The Jacksonville region is a political paradox in many ways. It’s a GOP stronghold, yet its lack of population means that it generally doesn’t have the political momentum to get even a good candidate elected statewide.
When a candidate has flaws and doesn’t have universal backing in the power elite, such as GOP candidate for Attorney General Jay Fant, the struggles are exacerbated.
Fant won a contentious special election for state house in 2014—those in Riverside/Avondale will remember the “TAINT” signs—on a boilerplate platform. He was going to work with Congress to repeal Obamacare, create a diversified workforce, fight for Jacksonville in the House and keep his hairstyle on fleek.
At least he fulfilled that last one.
Fant’s time in the state house, including a year helming the Duval Delegation, has been undistinguished.
This year he introduced five bills; five died in committee; 2016 saw five more bills die, but a companion bill to a “digital assets” measure he pushed got through. The year 2015 was huge, and even though most of what he carried died, he got through a bill that scuttled a “scheduled repeal of public records exemption for certain personal identifying information held by public transit providers.”
Last house session, Fant was a dead man walking. He backed the wrong horse in a future speaker’s race (GOP picks class leaders years apart to groom for the speakership). Then he bucked Speaker Richard Corcoran and sided with the governor during that big kerfuffle about Visit Florida and Enterprise Florida last session.
Fant had some nominal power last session. But in 2018, he’ll be even more of a backbencher, according to the Miami Herald’s write-up of committee posts: “Jay Fant not only lost the vice chair of the Civil Justice & Claims Subcommittee to Erin Grall, he lost his position on the House Judiciary Committee and the Ways and Means Committee. He was added to the Education Committee and the Justice Appropriations Subcommittee.”
Whoops! This, at a time when nearly every other member of the Duval Delegation made gains year over year. And at a time when Speaker Corcoran is in Jacksonville, relationship-building as he gets ready for a 2018 run for governor, to be launched after the legislative session ends.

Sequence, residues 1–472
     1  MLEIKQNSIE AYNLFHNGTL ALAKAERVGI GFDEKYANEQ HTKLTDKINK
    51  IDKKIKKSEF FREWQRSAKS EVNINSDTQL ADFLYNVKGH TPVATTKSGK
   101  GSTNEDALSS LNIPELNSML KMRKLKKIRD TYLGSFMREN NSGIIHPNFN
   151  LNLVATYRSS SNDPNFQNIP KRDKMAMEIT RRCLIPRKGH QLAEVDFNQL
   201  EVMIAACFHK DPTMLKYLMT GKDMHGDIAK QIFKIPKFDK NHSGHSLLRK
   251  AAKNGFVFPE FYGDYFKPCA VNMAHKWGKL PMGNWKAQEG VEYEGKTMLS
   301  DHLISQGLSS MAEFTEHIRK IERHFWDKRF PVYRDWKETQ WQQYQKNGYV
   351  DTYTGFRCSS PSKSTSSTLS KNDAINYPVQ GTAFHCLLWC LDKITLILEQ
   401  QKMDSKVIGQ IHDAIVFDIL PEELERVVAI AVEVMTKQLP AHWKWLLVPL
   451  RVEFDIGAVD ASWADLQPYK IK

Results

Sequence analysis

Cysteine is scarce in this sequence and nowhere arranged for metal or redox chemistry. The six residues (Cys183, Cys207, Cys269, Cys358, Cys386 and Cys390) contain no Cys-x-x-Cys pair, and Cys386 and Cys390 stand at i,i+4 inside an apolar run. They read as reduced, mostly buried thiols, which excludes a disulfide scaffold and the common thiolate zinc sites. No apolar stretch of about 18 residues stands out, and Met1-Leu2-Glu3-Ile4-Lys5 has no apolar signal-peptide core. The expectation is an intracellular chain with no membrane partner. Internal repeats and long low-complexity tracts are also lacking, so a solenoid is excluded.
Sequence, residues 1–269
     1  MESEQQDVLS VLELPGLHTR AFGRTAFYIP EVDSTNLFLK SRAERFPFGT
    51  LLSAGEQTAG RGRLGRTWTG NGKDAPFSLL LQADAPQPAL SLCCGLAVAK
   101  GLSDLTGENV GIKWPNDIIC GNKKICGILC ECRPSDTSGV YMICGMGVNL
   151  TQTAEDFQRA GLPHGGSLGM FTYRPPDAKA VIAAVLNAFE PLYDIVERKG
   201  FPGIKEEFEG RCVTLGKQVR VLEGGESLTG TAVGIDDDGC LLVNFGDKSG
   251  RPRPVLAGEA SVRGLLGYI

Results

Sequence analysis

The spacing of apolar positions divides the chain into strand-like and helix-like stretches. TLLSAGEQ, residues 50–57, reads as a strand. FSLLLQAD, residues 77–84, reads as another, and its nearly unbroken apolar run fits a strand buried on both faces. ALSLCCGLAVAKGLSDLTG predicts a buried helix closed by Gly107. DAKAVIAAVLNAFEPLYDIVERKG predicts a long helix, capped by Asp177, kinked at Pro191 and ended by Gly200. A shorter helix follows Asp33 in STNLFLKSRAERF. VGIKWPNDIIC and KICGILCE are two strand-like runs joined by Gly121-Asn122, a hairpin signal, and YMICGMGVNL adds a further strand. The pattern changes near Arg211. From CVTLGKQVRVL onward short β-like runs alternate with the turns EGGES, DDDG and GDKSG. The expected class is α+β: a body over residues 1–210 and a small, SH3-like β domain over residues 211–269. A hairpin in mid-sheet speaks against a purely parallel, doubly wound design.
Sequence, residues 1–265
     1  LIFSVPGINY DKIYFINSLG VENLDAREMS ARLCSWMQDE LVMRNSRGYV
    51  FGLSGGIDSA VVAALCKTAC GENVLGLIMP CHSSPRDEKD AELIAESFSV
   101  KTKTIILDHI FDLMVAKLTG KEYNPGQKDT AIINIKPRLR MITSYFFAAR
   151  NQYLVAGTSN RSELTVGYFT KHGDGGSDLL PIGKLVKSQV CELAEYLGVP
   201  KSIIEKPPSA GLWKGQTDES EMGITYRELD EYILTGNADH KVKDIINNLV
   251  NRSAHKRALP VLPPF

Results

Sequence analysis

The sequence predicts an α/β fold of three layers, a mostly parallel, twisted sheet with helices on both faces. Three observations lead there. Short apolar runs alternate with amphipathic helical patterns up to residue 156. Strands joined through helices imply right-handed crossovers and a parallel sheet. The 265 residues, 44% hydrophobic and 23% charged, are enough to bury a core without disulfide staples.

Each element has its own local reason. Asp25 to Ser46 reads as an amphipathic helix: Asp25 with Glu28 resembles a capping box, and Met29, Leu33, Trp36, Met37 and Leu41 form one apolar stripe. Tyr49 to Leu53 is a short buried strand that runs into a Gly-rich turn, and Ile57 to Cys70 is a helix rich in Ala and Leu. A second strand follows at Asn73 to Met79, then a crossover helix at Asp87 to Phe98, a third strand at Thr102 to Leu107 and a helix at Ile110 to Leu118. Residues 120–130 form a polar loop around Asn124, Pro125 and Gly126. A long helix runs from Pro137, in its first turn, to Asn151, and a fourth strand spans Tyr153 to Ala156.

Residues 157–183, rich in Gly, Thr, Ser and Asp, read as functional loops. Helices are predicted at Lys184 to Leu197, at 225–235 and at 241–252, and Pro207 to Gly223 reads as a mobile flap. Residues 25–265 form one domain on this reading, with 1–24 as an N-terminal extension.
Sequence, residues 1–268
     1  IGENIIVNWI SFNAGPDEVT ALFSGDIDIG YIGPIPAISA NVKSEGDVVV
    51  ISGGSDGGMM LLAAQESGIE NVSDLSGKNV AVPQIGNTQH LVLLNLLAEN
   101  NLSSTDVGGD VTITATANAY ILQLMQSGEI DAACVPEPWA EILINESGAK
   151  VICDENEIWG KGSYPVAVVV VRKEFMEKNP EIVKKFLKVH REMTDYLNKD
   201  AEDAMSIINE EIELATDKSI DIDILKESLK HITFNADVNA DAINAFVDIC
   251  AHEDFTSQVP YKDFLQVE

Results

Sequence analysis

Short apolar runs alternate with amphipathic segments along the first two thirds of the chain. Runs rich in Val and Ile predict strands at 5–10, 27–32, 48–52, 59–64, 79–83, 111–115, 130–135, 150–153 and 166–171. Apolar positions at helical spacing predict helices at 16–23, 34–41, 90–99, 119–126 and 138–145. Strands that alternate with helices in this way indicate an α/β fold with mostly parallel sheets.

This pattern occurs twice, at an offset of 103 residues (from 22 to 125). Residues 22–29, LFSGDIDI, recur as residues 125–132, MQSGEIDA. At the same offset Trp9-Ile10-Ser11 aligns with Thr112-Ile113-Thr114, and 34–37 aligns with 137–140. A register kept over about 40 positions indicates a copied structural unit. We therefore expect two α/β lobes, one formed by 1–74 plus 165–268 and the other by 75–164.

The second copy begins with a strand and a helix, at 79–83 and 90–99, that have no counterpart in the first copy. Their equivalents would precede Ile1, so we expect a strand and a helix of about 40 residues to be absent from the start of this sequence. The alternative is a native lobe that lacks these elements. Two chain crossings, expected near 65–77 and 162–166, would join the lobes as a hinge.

Why after? Because serving in the state legislature is an actual job. Committees start next month. Bills are being introduced now. While campaigning is important, to be sure, wielding the power of the gavel is the ultimate in earned media.
Corcoran can also give Fant the shiv because Fant doesn’t matter so much here. And Fant lacks political astuteness. He talked smack about Lenny Curry not doing enough to stop the HRO expansion at a local Republican meeting—did he think that wouldn’t get back to Curry? Did he imagine there wouldn’t be consequences?
Fant’s fundraising flatlined last month; in a pivotal July, ahead of the legislative session, he brought in a tad more than $16,000 for his campaign account and that of his political committee.
Fant’s opponent, Hillsborough Judge Ashley Moody, has roughly $700,000 on hand compared to Fant’s $200,000+. And she got $12K of that at a fundraiser in Fant’s own backyard.
Sheriff Mike Williams is among her backers. Melissa Nelson, officially neutral in the race, was at the event.
Also among Moody’s backers is incumbent AG Pam Bondi. This is notable—Fant launched his campaign by vowing to carry on Bondi’s legacy.
And it could get uglier. Others quite possibly getting into the race to take on Moody and Fant are U.S. Rep. Matt Gaetz and Rep. Ron DeSantis. Either one is a game-changer.
Fant is all but screwed. Someone has already filed to replace him in the Florida house. And that dude has all the right endorsements, so Fant can’t jump back in … even if he wanted to … which he clearly doesn’t, given his house performance thus far.
Fant’s campaign has devolved into lunk-headed sludge: backing Trump’s tweeted military transgender ban, backing white nationalist Richard Spencer’s bid to speak at the University of Florida on First Amendment grounds. He begged his Facebook followers to put him over on the Florida Family Action Group’s wall—he needs their endorsement.
Does he mean any of this? Without betraying confidences, no Republican politician in Northeast Florida has been described as “faking it” more thoroughly by other elected Republicans and politicos than Fant. He postures as a rock-ribbed conservative; they think he has rocks in his head.
There will be a successful statewide Republican candidate from Jacksonville in this generation of pols. It’s just not going to be Fant. An undistinguished record, a lack of buy-in from the donor class, and the blundering sabotage of at least one key relationship are three reasons why.